Nigeria has less than 36,000 doctors attending to over 182 million patients. A medical expert of Health Policy/ Systems Development Unit Department of Community Medicine, Ahmadu Bello University Teaching Hospital, Dr. Jubril Mohammad Bashar, has disclosed
Bashar disclosed this at a one-day capacity building workshop on Basic Healthcare Funding in Nigeria for the media organised by Civil Society Legislative Advocacy Centre (CISLAC) which was held recently at Chesterfield Hotel, Ikeja, Lagos.
According to Bashar, Nigeria needs no fewer than 237,000 medical doctors to meet World Health Organisation (WHO) standard, as opposed to the “36,000 working in the country today.”
To corroborate this fact Dr. Bashar cited example of Jigawa State which has the highest number of health workers in Nigeria but 92% of them are auxiliary nurses, laboratory attendants and cleaners, while Kaduna State has more of ghost doctors and ghost hospitals.
Bashar, who spoke on Financing for Primary Healthcare: Harnessing Domestic Funding Opportunities, Enabling Policies and Legislation, pointed out that lack of success in achieving health care financing has continued to be a challenge in achieving universal health care in Nigeria.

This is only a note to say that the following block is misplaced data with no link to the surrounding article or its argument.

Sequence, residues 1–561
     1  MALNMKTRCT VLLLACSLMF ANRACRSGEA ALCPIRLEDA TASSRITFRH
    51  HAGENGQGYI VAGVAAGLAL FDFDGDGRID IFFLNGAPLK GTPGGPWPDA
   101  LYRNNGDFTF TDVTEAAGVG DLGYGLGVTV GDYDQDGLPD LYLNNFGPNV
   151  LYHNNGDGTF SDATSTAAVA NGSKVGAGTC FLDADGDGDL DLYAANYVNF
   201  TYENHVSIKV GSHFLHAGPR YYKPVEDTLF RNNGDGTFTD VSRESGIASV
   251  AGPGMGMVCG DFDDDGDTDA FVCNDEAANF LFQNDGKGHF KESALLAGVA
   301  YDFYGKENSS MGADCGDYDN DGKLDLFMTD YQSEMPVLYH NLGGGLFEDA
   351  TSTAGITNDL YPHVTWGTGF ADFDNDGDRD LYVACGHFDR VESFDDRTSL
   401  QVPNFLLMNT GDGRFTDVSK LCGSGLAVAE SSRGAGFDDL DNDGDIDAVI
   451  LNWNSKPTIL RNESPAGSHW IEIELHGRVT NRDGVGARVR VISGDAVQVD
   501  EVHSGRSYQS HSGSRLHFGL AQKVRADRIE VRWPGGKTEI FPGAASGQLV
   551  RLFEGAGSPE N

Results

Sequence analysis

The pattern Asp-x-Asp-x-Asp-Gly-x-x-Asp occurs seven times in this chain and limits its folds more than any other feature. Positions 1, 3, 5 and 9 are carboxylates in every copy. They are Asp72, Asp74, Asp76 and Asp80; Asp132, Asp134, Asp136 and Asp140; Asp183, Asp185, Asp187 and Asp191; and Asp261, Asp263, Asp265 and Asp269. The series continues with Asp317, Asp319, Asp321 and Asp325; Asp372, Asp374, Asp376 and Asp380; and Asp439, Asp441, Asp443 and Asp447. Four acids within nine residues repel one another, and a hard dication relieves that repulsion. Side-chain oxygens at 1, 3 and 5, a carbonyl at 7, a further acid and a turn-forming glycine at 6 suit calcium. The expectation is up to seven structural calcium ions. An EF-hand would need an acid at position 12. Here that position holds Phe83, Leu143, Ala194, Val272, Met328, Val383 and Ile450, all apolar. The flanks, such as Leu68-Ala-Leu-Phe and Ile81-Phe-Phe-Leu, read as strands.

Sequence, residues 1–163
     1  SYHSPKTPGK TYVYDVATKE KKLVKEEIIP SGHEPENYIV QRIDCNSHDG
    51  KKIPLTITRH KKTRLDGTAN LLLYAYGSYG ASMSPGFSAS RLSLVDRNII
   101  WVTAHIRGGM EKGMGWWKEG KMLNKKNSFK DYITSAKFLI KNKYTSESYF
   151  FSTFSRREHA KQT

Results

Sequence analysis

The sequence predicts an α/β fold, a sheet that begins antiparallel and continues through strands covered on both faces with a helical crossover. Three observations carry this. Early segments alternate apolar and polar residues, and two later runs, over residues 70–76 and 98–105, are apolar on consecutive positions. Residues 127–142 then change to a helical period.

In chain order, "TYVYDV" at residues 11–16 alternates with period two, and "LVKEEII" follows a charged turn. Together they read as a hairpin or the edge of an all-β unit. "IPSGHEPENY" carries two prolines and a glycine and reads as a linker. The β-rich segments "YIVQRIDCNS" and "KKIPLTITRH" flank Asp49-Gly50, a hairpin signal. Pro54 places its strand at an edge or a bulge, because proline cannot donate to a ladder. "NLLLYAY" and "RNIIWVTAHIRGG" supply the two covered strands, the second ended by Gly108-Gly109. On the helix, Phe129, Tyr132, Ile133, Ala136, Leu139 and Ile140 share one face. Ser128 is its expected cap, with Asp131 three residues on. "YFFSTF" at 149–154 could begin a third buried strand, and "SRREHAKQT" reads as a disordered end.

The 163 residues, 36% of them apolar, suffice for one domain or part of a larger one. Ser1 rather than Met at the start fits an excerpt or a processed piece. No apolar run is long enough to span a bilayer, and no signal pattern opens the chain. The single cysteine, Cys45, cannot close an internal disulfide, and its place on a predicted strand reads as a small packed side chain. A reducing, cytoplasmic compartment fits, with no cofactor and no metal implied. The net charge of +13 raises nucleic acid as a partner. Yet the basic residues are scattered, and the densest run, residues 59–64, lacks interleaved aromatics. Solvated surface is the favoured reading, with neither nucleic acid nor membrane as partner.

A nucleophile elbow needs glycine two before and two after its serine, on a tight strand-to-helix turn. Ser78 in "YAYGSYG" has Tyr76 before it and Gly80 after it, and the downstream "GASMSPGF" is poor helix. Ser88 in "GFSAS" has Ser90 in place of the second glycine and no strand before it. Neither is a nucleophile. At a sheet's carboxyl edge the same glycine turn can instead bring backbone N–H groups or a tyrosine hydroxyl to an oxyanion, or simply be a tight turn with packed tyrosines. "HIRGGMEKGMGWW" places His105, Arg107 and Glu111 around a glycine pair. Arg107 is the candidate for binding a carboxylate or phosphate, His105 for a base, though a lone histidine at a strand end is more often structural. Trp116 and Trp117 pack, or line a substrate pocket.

“The health of any nation is very vital to the development of that country. Therefore, for any country to develop, the health care sector must be adequately funded,” he said.
In his address, the Executive Director CISLAC, Mallam Auwal Ibrahim Musa, pointed out that the ultimate goal of the project is to promote policy implementation of government’s commitment to primary health care in Nigeria.
Investigative journalism in the words of the Programme Manager CISLAC, Chioma Kalu, may be challenging and constrained by finances, access to information, threats from individuals or society but it is highly rewarding for journalists in that it propels them to levels where others cannot get. They may even get international acclaims and awards.
“Investigative journalism is the panacea towards rebuilding our primary health care. It will bring about accessibility and attendance to health centres. It may also reduce cost, thereby enhance affordability,” Kalu said.
At the end of the workshop, participants recommended the following: Full-fledged community consultation in planning and processes establishing primary health care to enable ownership, attendance and monitoring; Strategic community-oriented advocacy in demanding accountability from the policy and legislative realms; among others.
@ The Nation